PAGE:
EDUCATION

Plaque to honor slaves who once lived, worked at Harvard

  • A passer-by walks near a newly unveiled plaque attached to Wadsworth House, Wednesday, April 6, 2016, on the campus of Harvard University that honors four slaves that had been owned by and worked for Harvard's past presidents, in Cambridge, Mass. (AP Photo/Steven Senne)

    A passer-by walks near a newly unveiled plaque attached to Wadsworth House, Wednesday, April 6, 2016, on the campus of Harvard University that honors four slaves that had been owned by and worked for Harvard's past presidents, in Cambridge, Mass. (AP Photo/Steven Senne)  (The Associated Press)

  • A newly unveiled plaque that honors four slaves that had been owned by and worked for Harvard's past presidents, is attached to Wadsworth House, on the campus of Harvard University, in Cambridge, Mass., Wednesday, April 6, 2016. (AP Photo/Steven Senne)

    A newly unveiled plaque that honors four slaves that had been owned by and worked for Harvard's past presidents, is attached to Wadsworth House, on the campus of Harvard University, in Cambridge, Mass., Wednesday, April 6, 2016. (AP Photo/Steven Senne)  (The Associated Press)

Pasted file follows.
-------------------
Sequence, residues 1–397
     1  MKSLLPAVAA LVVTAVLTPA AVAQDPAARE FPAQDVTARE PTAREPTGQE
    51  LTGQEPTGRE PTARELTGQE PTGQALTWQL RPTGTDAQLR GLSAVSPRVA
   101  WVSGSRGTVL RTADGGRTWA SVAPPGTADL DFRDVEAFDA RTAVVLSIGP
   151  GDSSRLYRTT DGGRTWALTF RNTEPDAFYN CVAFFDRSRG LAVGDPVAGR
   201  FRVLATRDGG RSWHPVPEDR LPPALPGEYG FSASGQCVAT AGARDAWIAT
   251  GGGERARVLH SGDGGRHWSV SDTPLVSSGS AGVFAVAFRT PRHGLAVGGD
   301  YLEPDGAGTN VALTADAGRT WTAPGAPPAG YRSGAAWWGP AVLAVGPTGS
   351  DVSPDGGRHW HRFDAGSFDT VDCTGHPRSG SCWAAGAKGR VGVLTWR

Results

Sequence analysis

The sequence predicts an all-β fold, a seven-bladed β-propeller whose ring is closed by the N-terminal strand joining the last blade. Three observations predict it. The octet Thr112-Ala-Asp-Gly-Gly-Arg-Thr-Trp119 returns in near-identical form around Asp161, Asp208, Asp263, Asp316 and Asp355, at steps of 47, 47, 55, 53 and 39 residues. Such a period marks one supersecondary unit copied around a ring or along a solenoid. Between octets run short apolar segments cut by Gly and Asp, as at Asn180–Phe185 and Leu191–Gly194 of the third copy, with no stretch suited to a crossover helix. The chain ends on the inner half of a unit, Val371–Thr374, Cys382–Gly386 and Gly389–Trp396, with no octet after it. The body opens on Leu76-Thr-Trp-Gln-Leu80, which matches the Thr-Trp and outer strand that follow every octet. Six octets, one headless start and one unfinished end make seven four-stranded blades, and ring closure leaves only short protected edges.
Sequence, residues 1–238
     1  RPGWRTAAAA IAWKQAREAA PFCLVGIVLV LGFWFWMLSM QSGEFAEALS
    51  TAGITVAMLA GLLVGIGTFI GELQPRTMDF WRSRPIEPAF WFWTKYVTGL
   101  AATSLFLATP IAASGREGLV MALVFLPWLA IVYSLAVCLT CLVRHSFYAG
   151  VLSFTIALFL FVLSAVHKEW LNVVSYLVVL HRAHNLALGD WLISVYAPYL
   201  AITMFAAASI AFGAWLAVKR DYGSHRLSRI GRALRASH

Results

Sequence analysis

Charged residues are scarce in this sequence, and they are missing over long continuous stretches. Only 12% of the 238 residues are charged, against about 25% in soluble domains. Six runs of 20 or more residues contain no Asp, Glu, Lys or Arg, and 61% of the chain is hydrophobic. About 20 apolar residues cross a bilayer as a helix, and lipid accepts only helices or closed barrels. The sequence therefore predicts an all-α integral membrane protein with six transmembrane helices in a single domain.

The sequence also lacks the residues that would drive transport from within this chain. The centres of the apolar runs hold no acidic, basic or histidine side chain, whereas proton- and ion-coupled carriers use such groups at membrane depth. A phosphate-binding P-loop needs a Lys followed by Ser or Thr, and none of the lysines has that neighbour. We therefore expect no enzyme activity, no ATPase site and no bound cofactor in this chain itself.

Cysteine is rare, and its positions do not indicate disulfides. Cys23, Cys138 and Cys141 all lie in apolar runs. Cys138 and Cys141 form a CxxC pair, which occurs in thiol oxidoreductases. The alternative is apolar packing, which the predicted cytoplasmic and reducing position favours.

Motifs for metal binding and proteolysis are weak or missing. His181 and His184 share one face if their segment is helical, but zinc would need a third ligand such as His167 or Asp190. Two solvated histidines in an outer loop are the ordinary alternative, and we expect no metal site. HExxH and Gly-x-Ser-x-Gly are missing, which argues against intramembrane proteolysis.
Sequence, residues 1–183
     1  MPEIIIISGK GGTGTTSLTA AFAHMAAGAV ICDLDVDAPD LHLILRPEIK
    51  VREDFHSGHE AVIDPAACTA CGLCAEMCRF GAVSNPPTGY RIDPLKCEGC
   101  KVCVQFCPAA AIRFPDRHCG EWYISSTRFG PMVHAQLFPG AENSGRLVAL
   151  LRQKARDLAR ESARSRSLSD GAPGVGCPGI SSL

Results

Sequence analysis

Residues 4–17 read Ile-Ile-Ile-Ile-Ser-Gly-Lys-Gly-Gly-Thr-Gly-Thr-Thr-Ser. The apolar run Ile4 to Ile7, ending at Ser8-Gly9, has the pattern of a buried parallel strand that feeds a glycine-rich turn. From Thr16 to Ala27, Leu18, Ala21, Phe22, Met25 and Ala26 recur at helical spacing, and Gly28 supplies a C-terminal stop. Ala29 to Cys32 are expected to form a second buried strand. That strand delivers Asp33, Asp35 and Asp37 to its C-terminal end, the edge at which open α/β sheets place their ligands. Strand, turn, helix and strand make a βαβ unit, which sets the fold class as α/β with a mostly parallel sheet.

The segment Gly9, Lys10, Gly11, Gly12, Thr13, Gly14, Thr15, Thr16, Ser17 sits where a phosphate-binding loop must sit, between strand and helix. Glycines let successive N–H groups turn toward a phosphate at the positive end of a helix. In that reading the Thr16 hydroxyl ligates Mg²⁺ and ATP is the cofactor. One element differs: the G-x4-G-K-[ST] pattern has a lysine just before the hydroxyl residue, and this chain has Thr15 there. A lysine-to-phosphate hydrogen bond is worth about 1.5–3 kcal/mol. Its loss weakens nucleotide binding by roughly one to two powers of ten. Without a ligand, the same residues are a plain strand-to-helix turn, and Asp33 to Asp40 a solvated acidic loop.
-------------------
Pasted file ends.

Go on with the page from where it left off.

• Melissa Smith, of Cambridge, Mass., left, a Harvard Law School administrator, and Kyle Courtney, of Hanover, Mass., right, a copyright advisor at Harvard, examine a newly unveiled plaque, Wednesday, April 6, 2016, at Harvard's Wadsworth House, on the school's campus, in Cambridge, Mass. The plaque honors four slaves that had been owned by and worked for Harvard's past presidents. (AP Photo/Steven Senne)

    Melissa Smith, of Cambridge, Mass., left, a Harvard Law School administrator, and Kyle Courtney, of Hanover, Mass., right, a copyright advisor at Harvard, examine a newly unveiled plaque, Wednesday, April 6, 2016, at Harvard's Wadsworth House, on the school's campus, in Cambridge, Mass. The plaque honors four slaves that had been owned by and worked for Harvard's past presidents. (AP Photo/Steven Senne)  (The Associated Press)

Harvard's president is dedicating a plaque in Harvard Yard to the slaves who played a role in the university's history.

The college says that until recently, those slaves and their contributions have been "all but invisible" on the campus.

University President Drew Faust is to be joined by members of Congress at a dedication ceremony Wednesday morning.

Faust announced last week in an op-ed in the student newspaper that the nearly 400-year-old institution would install the plaque at a former home for college presidents to recognize the slaves who lived and worked there. Slavery was abolished in Massachusetts in 1783.

Harvard also plans to host a conference on universities and slavery next year.